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'London's Lost Route to the Sea'

Canal restoration makes progress in Surrey.

The Wey & Arun Canal Trust has made a start on work in two additional areas, namely Dunsfold Park and the 'Bramley Link'. The objective of the latter, since the original canal route in the vicinity of Shalford and Bramley, now no longer exists, is to establish a new route for the canal, between the River Wey in the north and a point where the original canal still exists just to the south of Bramley.

The Trust has adopted a 'Green Corridor' approach to this work, whereby great efforts are being made to enhance the existing landscape and associated eco-systems, prior to commencing construction of the canal itself.

As part of this preliminary enhancement work, the Wey & Arun Canal Trust is now pleased to announce that following agreement reached with Mr Hurst, landowner in the Gosden area to the north of Bramley, two new work items will shortly commence as follows:

Restoration of Historic Allotments In the context of continuing the ecological enhancement of the future canal's 'green corridor' to the south of Tanyard Lane in Shalford parish, it is proposed that land which for some years has remained fallow, will be restored so that allotments may be provided for the community, as was the case in the early 20th century.

Archaeological Investigation of Gosden Aqueduct In order to determine the condition and engineering characteristics of this important original 19th century structure, which used to carry the Wey & Arun canal over the Cranleigh Waters, plans for an archaeological site investigation are to be developed.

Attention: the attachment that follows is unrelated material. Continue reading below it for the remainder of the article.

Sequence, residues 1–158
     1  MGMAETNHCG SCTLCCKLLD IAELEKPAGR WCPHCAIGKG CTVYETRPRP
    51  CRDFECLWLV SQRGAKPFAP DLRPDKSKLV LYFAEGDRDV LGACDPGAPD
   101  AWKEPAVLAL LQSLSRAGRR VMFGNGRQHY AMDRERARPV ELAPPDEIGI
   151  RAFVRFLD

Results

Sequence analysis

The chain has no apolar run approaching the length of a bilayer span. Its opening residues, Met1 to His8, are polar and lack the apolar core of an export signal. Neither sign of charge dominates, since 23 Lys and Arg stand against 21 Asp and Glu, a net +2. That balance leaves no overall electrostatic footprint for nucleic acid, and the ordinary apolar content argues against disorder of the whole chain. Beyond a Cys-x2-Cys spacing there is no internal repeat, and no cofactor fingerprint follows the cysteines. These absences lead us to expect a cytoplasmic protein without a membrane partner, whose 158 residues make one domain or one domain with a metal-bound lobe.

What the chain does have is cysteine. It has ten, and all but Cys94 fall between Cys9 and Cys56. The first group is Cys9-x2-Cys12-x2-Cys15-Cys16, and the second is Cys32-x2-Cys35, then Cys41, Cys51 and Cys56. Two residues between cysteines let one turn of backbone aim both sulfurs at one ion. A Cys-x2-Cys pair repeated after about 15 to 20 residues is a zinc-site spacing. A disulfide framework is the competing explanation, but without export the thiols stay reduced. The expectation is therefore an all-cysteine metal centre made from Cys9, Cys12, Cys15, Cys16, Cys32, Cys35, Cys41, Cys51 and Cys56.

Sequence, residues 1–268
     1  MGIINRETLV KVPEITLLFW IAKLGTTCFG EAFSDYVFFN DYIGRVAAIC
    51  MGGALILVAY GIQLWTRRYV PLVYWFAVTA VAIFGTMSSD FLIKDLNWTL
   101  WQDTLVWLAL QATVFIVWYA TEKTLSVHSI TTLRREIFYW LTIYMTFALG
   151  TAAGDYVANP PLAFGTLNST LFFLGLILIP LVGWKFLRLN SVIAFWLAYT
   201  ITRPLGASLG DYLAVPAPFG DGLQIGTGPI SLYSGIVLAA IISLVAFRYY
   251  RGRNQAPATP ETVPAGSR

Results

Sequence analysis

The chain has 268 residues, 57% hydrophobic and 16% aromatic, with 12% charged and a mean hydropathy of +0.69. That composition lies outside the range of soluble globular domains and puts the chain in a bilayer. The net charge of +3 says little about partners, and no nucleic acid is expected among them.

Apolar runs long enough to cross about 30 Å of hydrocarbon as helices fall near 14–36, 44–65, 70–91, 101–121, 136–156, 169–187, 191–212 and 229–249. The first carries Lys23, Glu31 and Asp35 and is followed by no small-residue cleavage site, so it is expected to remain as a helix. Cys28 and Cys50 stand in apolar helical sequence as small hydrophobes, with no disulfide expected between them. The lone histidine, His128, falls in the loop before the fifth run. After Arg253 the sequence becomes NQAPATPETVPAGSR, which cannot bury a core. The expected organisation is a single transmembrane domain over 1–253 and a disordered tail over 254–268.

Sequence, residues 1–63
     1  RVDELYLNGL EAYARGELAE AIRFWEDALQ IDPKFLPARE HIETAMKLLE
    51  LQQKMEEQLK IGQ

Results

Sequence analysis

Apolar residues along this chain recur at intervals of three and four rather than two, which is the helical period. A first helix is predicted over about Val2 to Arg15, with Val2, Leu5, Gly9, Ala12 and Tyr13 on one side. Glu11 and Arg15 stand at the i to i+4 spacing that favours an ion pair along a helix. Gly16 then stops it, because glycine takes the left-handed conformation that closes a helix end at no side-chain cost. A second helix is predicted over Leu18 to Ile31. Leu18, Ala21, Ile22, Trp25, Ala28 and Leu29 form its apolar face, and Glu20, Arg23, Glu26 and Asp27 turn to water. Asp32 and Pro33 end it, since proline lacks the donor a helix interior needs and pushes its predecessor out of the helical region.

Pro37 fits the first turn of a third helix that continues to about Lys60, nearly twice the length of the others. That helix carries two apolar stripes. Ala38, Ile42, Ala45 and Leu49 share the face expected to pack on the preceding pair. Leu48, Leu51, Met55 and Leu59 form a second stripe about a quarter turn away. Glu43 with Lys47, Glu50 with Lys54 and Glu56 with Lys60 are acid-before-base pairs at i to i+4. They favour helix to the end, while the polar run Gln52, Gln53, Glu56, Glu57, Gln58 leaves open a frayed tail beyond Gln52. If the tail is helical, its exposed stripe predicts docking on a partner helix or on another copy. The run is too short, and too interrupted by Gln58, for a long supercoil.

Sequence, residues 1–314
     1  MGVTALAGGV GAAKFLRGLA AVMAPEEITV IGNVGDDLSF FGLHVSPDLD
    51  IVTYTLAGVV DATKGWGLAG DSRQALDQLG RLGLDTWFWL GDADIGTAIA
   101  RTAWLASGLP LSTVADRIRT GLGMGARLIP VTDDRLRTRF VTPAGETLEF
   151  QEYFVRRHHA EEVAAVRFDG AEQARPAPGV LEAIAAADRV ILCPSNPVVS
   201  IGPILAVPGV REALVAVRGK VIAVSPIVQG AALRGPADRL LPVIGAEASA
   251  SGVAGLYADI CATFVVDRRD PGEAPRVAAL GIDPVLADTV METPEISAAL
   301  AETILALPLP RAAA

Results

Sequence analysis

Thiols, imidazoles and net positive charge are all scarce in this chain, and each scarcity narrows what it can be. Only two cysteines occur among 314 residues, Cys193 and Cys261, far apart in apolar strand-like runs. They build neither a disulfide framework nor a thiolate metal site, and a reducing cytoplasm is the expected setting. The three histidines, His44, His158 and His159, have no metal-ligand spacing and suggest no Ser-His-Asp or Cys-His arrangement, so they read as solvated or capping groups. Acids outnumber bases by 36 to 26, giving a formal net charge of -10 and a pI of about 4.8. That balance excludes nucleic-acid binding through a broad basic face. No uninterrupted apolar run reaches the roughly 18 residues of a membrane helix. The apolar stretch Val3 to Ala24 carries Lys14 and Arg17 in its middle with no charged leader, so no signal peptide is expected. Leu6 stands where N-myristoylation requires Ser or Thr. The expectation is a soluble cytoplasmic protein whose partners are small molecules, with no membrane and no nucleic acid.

Pending preparation of details for the above work, which will enable the necessary formal approvals to be sought, in the context of the Bramley Link objectives, the Chairman of the Wey & Arun Canal Trust, Sally Schupke, commented: "We are delighted that with the support and active encouragement of Mr Hurst we are able to open up this exciting new area of work, in the furtherance of the Trust's long term objectives".

The Wey & Arun Canal Trust's aim is the complete restoration for navigation of the inland waterway route between the rivers Wey and Arun. Since the early 1970's the Trust's main activities have been centred on restoration of a navigable stretch of canal at Loxwood in West Sussex. The recent work at Dunsfold and Bramley is being progressed alongside the continuing restoration activities at Loxwood.

For further details about the Wey & Arun Canal Trust please call the WACT office on 01403 752403, email to office@weyandarun.co.uk or write to Wey & Arun Canal Trust, The Granary, Flitchfold Farm, Loxwood, Billingshurst, West Sussex RH14 0RH.

Notes for Editors

Information (and a selection of pictures of the work under way) is available from Bill Thomson, bill_thomson@weyandarun.co.uk, 01296 423033 / 07777 668928

The Wey & Arun Canal Trust

The Wey & Arun Canal, "London's lost route to the sea" was originally opened in 1816 between the River Wey at Shalford, near Guildford, and Pallingham, near Pulborough, the head of navigation of the River Arun. It closed in 1871, due to railway competition. Since the 1970s the 23-mile waterway has been the subject of a campaign by volunteers led by the Wey & Arun Canal Trust to restore the route to navigation. Work has been undertaken in a number of locations, most notably the stretch near the Sussex/Surrey border at Loxwood. Over two miles in length, this includes five working locks, two public road crossings, an aqueduct, two farm bridges, and numerous minor works, all built or rebuilt through voluntary effort. Boat trips are available on this stretch, onboard several craft, including the 50-seater electrically-powered Wiggonholt.

Last updated  Thursday, 24 March, 2011
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